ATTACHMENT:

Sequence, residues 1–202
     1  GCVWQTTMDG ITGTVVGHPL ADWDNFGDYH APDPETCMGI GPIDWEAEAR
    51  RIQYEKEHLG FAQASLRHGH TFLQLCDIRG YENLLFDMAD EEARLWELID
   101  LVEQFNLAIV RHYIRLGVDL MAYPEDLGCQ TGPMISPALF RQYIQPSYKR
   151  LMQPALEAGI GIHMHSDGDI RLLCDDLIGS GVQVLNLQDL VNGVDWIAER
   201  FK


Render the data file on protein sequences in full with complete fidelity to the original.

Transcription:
Sequence, residues 1–202
     1  GCVWQTTMDG ITGTVVGHPL ADWDNFGDYH APDPETCMGI GPIDWEAEAR
    51  RIQYEKEHLG FAQASLRHGH TFLQLCDIRG YENLLFDMAD EEARLWELID
   101  LVEQFNLAIV RHYIRLGVDL MAYPEDLGCQ TGPMISPALF RQYIQPSYKR
   151  LMQPALEAGI GIHMHSDGDI RLLCDDLIGS GVQVLNLQDL VNGVDWIAER
   201  FK